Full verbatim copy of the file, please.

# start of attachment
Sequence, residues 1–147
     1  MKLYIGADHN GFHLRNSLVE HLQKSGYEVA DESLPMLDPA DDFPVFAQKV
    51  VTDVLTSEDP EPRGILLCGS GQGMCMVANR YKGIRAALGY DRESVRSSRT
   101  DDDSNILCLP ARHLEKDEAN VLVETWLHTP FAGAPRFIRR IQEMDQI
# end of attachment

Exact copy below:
Sequence, residues 1–147
     1  MKLYIGADHN GFHLRNSLVE HLQKSGYEVA DESLPMLDPA DDFPVFAQKV
    51  VTDVLTSEDP EPRGILLCGS GQGMCMVANR YKGIRAALGY DRESVRSSRT
   101  DDDSNILCLP ARHLEKDEAN VLVETWLHTP FAGAPRFIRR IQEMDQI